William McGuire’s review published on Letterboxd:
ASHES OF TIME REDUX (1994, HONG KONG)
ASHES OF TIME REDUX is a meditation on time, memory, and the human capacity for self deception. It has clear French New Wave influences, but is undeniably a product of the Cantonese film industry. It is a film that burns individual images and ideas into your mind forever, but whose plot is not clear on first viewing and greatly benefits from careful rewatching. It is a very loose adaptation of the events of Jin Yong's CONDOR HEROES novels, but one of the best and truest when it comes to replicating the feeling of reading one.
The story unfolds in non linear fashion over a year in the western deserts of China. It concerns Western Venom, a procurator of assassins and his unrequited love, his dealings with Eastern Heretic, the Beggars' Sect, and other figures from the novel. The film establishes Venom as an unreliable narrator with regards to the events presented in the books.
What's more important than a full synopsis are the characters themselves who function as both mythic archetypes and symbols of Wong Kar-Wei's preoccupations: a swordsman drinking a bottle of wine that erases all his memories, so that each new day is a fresh start; a brother and sister who are personalities within one body in turn trying to love and kill the same man before integrating into a swordsman/woman who is so powerful that they only practice their craft against their own reflection, another legendary swordsman going so far blind that his skills only function when the sun isn't blocked by a cloud.
What's at stake in ASHES OF TIME is the link between memory and identity and the process of becoming as the sum of a set of second order interpretations of your own actions and intentions. Truth is not constructed from a third person omniscient perspective, as in most films, but is the product of individual contemplation over time. Western Venom has become a villain by the end of the film because he is unable to escape the narrative of his own behavior. Every other major character in the film, by the narrative's end is able to synthesize their experiences and move to a place where they can live with themselves except Venom.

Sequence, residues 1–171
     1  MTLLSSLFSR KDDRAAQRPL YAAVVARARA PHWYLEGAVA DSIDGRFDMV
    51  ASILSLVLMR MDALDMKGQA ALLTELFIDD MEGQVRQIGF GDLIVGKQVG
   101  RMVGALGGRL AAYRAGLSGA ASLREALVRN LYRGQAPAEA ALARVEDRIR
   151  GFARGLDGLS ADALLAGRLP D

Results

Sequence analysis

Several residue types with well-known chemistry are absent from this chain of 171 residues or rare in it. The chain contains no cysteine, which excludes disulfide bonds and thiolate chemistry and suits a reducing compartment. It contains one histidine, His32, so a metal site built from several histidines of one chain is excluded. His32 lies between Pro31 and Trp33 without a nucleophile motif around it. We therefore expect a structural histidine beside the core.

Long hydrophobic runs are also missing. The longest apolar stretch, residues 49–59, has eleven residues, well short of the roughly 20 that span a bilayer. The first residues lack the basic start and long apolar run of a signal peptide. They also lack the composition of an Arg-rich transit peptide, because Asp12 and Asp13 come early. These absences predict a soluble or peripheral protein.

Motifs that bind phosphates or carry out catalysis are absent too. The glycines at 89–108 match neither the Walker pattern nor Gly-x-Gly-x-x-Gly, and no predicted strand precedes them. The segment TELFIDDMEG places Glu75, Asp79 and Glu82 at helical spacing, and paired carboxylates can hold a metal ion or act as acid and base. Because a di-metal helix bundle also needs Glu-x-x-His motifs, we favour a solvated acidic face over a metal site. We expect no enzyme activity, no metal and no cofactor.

As with all of WKW's films the primary source of this neurosis is frustrated sexual desire. Wong's heroes are always characters who connect on fundamental levels but have difficulty navigating the minefield of circumstances that would allow them to consummate their affections. Venom cannot accept that he's lost the woman who became his brother's wife. It's that inability to square with reality that leads him to accept a ruthless path through life.
The film looks very striking: impossible reds and yellows and amazing location filmmaking through the Gobi Desert with practical affects standing in to represent the wuxia powers of the heroes make this a feast for the eyes. Particularly well executed are the scenes involving the legendary warrior dueling their reflection in the water, where depth charges are used to represent the immense power of each sword slash.
This is a film that has to be committed to and requires care and attention and if you're willing to work through a plot that doesn't easily reveal itself, then it's recommended.